"I don't mind telling you I am pretty nervous," he said as he took the stage. "For a long time I thought I would never have the chance to do this again."

Furlong said his world came "crashing down" in September 2012 when an article ran in the Georgia Straight newspaper that included allegations that he beat and taunted students at a northern B.C. school more than 40 years ago.

"I know I had thousands of friends, definitely hundreds of friends, here and around the world, and it just seemed like almost immediately most of them went away," he said.

"I think most people just didn't know what to think or say ... It was a very lonely and difficult time."

Journalist Laura Robinson obtained eight sworn affidavits from people who said Furlong physically abused them while a gym teacher in Burns Lake, B.C., in 1969 and 1970, a chapter of his life that had been omitted from his memoir "Patriot Hearts."

Robinson filed a defamation suit over public comments Furlong made after the article's publication, and last month a B.C. Supreme Court judge ruled he had a right to defend himself from her "attacks" on his character and credibility.

While the judge found numerous errors in Robinson's reporting, the allegations in her article have not been tested in court because Furlong dropped his own defamation suit this year.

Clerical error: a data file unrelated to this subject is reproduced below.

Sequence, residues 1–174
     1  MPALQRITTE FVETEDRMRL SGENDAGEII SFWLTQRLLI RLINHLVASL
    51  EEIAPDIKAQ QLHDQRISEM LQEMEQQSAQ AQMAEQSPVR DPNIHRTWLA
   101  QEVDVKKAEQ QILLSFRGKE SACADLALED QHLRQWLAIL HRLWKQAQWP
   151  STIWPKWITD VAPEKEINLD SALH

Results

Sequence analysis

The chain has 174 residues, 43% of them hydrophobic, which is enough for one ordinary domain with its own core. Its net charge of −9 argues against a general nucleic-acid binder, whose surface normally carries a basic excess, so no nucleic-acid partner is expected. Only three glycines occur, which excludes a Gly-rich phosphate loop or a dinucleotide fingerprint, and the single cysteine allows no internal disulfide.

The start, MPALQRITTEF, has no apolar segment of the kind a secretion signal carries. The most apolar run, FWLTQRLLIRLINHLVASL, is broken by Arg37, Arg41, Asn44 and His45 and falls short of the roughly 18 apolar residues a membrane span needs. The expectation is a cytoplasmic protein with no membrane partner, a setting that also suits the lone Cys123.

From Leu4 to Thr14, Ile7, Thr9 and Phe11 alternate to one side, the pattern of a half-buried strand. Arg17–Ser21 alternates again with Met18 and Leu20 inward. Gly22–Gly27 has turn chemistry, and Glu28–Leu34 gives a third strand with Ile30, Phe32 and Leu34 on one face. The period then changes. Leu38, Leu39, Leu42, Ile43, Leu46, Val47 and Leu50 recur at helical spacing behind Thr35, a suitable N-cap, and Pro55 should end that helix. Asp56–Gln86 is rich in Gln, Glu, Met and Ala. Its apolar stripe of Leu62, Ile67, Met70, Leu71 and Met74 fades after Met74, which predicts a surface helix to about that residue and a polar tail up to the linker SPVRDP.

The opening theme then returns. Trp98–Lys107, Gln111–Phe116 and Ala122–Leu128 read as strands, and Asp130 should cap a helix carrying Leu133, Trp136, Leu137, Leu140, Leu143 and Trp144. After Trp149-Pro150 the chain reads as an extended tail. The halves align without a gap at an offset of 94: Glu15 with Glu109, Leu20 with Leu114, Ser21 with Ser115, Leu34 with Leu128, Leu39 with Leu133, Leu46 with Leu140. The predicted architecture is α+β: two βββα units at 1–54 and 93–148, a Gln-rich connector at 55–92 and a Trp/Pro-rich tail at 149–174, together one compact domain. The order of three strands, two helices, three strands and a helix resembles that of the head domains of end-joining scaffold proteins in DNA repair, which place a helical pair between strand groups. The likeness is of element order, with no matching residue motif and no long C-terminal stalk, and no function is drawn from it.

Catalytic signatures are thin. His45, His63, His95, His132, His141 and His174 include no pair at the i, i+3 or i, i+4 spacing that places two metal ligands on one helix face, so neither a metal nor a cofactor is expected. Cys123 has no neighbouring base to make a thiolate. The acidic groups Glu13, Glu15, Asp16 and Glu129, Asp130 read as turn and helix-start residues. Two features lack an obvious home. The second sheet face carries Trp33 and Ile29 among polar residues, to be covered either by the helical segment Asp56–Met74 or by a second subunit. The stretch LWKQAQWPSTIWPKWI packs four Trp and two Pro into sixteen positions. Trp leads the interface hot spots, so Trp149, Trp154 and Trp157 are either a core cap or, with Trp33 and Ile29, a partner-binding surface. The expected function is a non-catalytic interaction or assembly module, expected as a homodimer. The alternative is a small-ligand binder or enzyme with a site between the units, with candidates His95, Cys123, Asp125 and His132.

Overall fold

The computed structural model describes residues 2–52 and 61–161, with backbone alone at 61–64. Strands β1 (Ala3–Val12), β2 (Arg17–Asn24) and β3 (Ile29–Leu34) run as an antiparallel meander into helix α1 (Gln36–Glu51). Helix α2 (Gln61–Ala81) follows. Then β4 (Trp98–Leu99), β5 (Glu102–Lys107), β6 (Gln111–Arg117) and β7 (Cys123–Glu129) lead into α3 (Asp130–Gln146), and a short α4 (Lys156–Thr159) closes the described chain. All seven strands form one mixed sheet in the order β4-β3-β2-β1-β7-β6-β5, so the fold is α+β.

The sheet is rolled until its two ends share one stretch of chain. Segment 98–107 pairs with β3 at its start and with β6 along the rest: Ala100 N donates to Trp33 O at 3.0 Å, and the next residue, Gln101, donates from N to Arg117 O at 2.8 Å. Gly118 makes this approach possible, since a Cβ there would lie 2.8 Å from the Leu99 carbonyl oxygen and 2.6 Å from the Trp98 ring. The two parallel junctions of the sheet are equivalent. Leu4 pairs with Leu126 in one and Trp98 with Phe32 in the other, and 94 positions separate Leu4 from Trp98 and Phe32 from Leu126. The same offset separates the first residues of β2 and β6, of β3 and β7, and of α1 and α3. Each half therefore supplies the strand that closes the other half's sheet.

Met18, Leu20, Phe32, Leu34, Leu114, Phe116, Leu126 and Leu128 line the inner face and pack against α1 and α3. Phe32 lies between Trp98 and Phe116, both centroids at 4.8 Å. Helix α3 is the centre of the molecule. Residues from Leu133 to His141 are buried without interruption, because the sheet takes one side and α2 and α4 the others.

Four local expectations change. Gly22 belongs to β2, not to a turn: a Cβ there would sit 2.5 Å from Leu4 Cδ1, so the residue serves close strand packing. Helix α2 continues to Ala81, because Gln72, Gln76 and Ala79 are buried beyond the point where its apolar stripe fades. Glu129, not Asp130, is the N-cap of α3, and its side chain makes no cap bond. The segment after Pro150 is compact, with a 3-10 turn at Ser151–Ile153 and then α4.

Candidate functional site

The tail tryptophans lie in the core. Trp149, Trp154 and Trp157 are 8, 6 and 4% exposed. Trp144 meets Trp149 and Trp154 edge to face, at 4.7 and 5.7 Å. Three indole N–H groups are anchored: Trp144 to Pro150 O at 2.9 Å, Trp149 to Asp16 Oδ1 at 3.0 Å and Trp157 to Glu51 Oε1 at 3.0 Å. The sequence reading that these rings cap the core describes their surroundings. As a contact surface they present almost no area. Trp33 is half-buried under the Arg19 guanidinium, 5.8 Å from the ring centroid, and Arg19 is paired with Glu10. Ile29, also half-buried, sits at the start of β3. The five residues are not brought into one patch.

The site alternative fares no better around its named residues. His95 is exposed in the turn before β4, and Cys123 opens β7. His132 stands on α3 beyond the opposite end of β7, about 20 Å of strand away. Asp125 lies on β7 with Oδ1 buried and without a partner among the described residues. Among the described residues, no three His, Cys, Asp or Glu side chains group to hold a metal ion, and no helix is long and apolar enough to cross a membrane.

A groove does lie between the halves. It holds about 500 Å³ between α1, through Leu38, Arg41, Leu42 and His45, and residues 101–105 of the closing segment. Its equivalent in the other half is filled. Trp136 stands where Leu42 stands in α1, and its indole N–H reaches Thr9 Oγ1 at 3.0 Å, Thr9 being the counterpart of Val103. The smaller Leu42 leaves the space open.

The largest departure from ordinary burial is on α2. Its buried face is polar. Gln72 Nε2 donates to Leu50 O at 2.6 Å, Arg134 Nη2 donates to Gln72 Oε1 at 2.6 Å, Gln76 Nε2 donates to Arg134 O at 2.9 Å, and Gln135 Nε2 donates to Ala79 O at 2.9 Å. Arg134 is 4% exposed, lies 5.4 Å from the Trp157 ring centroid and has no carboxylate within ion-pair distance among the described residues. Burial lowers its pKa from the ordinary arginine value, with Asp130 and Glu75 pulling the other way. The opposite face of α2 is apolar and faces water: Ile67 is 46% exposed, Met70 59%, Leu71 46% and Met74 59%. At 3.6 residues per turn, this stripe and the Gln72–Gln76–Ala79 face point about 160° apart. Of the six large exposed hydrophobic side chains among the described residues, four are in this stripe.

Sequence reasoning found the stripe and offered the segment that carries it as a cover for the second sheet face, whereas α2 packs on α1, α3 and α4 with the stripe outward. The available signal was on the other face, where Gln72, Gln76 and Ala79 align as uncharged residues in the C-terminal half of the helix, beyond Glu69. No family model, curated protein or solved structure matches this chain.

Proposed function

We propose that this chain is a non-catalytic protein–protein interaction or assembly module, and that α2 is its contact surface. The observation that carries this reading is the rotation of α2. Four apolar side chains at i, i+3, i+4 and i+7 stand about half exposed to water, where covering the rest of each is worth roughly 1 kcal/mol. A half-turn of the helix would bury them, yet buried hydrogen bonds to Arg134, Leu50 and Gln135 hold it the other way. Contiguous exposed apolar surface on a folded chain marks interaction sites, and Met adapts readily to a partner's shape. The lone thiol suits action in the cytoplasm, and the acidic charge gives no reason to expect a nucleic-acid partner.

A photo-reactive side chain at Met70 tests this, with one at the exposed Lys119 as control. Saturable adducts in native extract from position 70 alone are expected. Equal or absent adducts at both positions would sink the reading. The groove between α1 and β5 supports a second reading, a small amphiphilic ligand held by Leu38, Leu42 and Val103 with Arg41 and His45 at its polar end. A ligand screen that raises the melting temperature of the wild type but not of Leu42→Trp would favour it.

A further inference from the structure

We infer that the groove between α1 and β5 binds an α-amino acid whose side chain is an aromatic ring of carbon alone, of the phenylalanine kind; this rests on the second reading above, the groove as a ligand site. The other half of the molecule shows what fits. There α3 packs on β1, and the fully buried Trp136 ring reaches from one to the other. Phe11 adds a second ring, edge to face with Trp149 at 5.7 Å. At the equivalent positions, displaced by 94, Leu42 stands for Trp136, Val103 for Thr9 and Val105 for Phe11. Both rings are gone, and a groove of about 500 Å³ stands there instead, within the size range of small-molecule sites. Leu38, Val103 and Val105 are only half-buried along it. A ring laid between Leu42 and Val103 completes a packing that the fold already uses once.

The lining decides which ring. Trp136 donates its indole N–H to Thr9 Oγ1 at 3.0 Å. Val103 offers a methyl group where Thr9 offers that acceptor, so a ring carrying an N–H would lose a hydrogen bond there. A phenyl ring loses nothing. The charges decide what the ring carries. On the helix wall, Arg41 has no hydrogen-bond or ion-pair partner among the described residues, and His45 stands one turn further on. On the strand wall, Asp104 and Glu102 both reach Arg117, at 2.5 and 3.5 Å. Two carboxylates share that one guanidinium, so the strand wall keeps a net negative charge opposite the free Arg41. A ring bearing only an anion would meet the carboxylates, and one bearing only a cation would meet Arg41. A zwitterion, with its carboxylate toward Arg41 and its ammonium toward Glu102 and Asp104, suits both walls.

Furlong told a packed room of about 500 business leaders that as an Irish immigrant, he always wanted to prove he was worthy of being Canadian.

"So when the sky fell for me and for our family, I felt in a way I was being accused of letting the country down," he said.

Speaking in front of his daughter and brother, he said the allegations took a grave toll on his family. After he and his wife Deborah retreated to Ireland, she was killed in a car crash.

But he always remembered advice from his father: "When people are saying horrible, horrible things about you, and you can see no hope ... The only thing that's standing between you and survival is the answer to one simple question: 'What is true'?"

In a brief interview after the speech, Furlong said despite dropping his own suit, the scathing judgment in Robinson's case said "loud and clear" he was "completely exonerated."

"Observers of what took place in court are of the view that if that's what the judge was willing to write, you can only imagine what she was thinking."

He reiterated his firm denial of ever being too rough with his students. Asked whether he thought Robinson's sources were lying, he replied, "I'm not going to answer that question."

Furlong said he would have included his time in Burns Lake in "Patriot Hearts" had he known what would be written about him later.

"It's a massive chasm from not putting it in the book to having to deal with what was said."

After the years-long ordeal, Furlong said he's ready to move on and does not plan to go after Robinson for costs.

"This was more about ... getting to the truth, and people will decide what they think about what she did."

Anger over dam deal

BC Hydro's decision to push forward with a massive construction contract for the Site C dam megaproject has prompted an outpouring of opposition from First Nations, environmental and advocacy groups across British Columbia.